I was 14 years old when I put my August 1986 copy of Seventeen magazine in the trash. I remember it well. I was at my family’s beach house close to Cape Cod. It was the ‘Back to School’ issue. Jennifer Connelly was on the cover. She looked beautiful, tall and slim with long thick brown hair wearing an expensive suede jacket. My hair never grew past my shoulders, I was chubby and wore glasses that made ‘Barb’ from Stranger Things look like a Vogue model. I knew the magazine was doing me no good. I knew it wasn’t meeting my needs. I knew it was making me feel all things that every teenage girl probably feels she is lacking in – but in sharp, multi page, photo montage colour. I put it in the trash and never bought a copy of the American teenage fashion bible ever again.
Why am I telling you this story? Well, because I had an experience with my banking app and FinTech last week that made me think of how traditional, established brands react to and serve their audience. First, let’s start with Seventeen magazine.
Everyone read Seventeen at my school – every girl that is – no matter what clique or friendship group you belonged to. Everyone bought the ‘Back to School’ edition or the thick, doorstop sized ‘prom’ volume in the spring. If you didn’t buy it – someone at school had a copy and it would be passed around at lunch or in the bedrooms of a friend later on that afternoon. Seventeen magazine was launched in 1944. It is established, it is incumbent, and it has an inbuilt audience of daughters whose mother’s read the magazine. It has scale and legacy. In 2014 it celebrated its 70th anniversary.
It is still on newsstands today.
In the mid-1980s – I wasn’t the only American girl who felt Seventeen wasn’t meeting her needs.
In 1988 Jane Pratt and a group of editors launched Sassy magazine. Sassy wrote about music that wasn’t on Top 40 radio. They put Kirk Cobain in the cover. Some of their cover models had *gasp* short hair. Sassy magazine was for the girls who didn’t see themselves reflected in the perfect skin, hair and teeth of the Seventeen magazine pictorials and fashion shoots. Yours truly, was an intern at the magazine – housed in the old test kitchens of McCall’s magazine in New York in 1993. Former Teen Vogue editor Kara Jesella and Marisa Meltzer wrote a book called: How Sassy Changed My Life: A Love Letter To The Greatest Teen Magazine Of All Time.
Sassy ran between 1988 and 1996. I have some battered old copies in my closet – the issues I worked on during the summer of 1993. (I once worked with Spike Jonze!)
Sassy magazine influenced and changed how fashion and lifestyle publications were produced and marketed to teenage girls. Without Sassy – Teen Vogue would never have had an op-ed writer produce an opinion piece about Donald Trump. Seventeen magazine would never have been nominated for an award from GLAAD about coverage of LBGTQ teens.
The established players – Vogue, Seventeen – watched, observed, and learned from Sassy. The customer base of the American teenage girl was changing – her tastes in music and clothes and boys (the holy trinity of teenage girl magazines) – had evolved and become less predictable and more fragmented. The new upstart, Sassy, served as the testing ground for the changing needs of teenagers in America. In 2018 Seventeen still sits on newsstands. Sassy exists on Wikipedia.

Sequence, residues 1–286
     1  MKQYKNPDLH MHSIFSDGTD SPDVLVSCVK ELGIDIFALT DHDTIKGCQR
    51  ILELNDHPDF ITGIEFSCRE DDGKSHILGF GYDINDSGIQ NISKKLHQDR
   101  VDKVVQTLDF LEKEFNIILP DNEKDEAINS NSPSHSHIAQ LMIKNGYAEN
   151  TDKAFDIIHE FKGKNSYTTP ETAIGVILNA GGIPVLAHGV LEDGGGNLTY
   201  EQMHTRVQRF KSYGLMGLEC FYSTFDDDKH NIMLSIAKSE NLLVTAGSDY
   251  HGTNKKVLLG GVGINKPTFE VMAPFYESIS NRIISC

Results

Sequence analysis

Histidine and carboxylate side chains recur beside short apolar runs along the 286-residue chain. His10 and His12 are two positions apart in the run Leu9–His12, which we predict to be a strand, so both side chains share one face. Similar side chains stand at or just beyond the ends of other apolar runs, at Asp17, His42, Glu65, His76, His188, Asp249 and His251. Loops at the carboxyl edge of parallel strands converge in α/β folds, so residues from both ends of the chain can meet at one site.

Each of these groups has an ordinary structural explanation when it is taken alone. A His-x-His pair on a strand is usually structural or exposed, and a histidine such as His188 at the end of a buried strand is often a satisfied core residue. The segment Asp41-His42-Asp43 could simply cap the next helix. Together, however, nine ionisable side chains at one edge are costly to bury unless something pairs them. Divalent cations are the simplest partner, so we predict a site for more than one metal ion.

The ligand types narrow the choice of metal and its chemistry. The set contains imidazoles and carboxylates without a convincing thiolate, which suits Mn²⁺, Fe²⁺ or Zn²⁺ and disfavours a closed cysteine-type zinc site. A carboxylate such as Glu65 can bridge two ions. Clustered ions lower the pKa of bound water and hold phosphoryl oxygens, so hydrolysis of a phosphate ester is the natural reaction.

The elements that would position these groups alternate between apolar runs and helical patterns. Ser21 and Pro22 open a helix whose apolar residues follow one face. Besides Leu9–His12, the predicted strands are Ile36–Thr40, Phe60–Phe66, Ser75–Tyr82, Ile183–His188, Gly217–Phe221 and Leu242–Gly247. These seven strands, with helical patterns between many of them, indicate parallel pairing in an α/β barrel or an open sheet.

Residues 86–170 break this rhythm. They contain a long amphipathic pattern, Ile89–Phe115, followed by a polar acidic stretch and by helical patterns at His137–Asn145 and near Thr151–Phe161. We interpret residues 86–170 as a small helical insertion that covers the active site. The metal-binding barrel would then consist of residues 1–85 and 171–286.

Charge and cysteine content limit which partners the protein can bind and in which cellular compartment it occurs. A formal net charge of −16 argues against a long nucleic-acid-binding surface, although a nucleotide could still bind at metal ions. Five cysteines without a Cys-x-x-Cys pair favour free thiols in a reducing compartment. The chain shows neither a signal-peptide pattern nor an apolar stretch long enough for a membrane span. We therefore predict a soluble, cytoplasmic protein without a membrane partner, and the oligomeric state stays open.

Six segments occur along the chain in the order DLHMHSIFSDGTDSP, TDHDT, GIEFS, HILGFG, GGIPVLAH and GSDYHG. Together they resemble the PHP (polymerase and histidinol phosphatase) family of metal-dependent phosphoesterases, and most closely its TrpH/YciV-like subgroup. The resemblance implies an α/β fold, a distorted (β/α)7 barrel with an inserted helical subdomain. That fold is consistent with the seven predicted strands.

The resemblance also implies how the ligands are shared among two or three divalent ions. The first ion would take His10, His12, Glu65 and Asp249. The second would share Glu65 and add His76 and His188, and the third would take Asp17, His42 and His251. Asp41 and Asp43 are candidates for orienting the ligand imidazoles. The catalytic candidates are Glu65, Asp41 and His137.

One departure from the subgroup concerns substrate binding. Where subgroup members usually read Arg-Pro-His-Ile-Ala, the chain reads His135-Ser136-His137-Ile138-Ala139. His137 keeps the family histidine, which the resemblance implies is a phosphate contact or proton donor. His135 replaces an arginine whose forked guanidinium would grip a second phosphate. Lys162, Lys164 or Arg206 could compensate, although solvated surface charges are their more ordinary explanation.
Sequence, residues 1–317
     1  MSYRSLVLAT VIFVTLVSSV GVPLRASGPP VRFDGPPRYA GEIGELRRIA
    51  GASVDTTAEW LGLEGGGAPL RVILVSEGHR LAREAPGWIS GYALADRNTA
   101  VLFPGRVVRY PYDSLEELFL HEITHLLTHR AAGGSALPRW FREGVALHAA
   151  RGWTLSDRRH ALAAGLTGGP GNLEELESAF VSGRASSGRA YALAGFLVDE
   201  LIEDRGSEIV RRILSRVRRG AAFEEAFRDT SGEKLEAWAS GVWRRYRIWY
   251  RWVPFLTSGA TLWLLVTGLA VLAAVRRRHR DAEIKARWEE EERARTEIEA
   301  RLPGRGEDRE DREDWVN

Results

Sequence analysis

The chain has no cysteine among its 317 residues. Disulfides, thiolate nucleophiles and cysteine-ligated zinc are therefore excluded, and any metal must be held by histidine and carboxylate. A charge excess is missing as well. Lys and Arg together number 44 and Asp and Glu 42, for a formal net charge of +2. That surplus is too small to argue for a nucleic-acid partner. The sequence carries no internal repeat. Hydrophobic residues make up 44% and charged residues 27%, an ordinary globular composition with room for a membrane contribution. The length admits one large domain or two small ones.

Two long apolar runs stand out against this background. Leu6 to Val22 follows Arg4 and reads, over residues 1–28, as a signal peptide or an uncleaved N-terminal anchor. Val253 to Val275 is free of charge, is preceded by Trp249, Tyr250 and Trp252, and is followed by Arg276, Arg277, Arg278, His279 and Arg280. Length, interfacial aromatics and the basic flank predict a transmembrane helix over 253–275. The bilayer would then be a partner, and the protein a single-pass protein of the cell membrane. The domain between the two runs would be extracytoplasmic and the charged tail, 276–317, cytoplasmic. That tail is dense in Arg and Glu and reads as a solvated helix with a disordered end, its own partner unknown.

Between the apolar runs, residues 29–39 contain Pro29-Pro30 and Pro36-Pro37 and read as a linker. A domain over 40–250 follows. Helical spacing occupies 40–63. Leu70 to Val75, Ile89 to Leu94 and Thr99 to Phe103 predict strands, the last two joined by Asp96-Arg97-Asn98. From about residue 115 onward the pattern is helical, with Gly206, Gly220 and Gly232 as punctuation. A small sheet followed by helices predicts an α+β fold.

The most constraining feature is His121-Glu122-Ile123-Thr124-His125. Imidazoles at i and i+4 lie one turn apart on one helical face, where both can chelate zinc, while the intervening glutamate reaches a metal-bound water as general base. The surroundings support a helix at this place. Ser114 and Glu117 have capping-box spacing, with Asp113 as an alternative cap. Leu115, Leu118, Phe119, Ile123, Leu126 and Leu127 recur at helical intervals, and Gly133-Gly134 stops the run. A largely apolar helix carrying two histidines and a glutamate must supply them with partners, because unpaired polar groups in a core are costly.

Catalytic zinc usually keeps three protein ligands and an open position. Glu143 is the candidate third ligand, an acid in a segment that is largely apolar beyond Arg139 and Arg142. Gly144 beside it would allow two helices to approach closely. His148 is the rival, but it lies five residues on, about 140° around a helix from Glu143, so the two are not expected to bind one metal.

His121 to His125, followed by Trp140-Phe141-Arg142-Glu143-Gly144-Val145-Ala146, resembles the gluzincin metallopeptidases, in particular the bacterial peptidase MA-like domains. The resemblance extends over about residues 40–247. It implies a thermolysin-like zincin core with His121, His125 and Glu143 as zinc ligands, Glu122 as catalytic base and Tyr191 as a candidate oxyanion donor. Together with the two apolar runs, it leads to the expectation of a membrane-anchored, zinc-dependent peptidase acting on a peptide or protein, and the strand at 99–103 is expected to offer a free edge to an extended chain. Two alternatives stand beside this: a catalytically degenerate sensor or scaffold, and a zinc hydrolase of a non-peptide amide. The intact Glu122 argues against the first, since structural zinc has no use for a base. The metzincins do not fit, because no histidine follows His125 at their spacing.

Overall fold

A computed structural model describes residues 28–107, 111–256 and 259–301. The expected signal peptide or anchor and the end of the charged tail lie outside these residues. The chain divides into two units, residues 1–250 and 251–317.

So what is the point of all this? Now it is time for the FinTech.
The modern wave of ‘FinTech’ started a few years ago with the launch of a number of remittance providers. One of the most well-known and celebrated is Transferwise. As someone who does not live in the country she was born in – transferring money, cross-border, was something I had experienced. Many years ago I had gone through the long, one-use password, expensive process with my bank just to transfer a few hundred pounds from my UK to my USA bank account. I had used MoneyGram – sending money to a supermarket in America for my mother to pick up and physically deposit into my account. I had used Transferwise – happily.
Recently, I used Transferwise again. I needed to pay someone in the US. I had all the needed account numbers and routing numbers etc… I went to Transferwise. A few days later, I got an email asking when this payment would arrive. ‘I sent it Transferwise,’ I said. I had seen the money leave my account. A few days later, my husband, looking at our banking app remarked. ‘Oh darn, I thought we had more money in our account – an amount from Transferwise just got returned.’
Now, nothing against Transferwise, I wasn’t out of pocket. I had used them previously, with no issue. It was just annoying. It was then I logged onto my traditional, established banking provider mobile app. I noticed an ‘international payment’ button. I used it. Needless to say, five minutes and £4 fee later – I made the payment. (The actual payment arrived three days later – but you get my drift).
Now does this mean Transferwise sucks? No, it doesn’t. However, what it does mean is that the incumbent banks have been paying attention. They have been watching how the ‘new upstarts’ are serving a changing customer base. They have been taking advantage of a testing ground they do not need to fund.
Most industries go through periods of fragmentation and consolidation. Issues of scale and the slippery notion of ‘trust’ have always been mentioned as advantages of traditional banks. Our industry has seen many players start up and grow in financial services over the past few years. We may be at a crossroads. How much have the established banks been paying attention? Which one of these FinTech companies will remain on our newsstands in the coming years and which ones will have books that remensince about that that ‘one, bright shining moment’?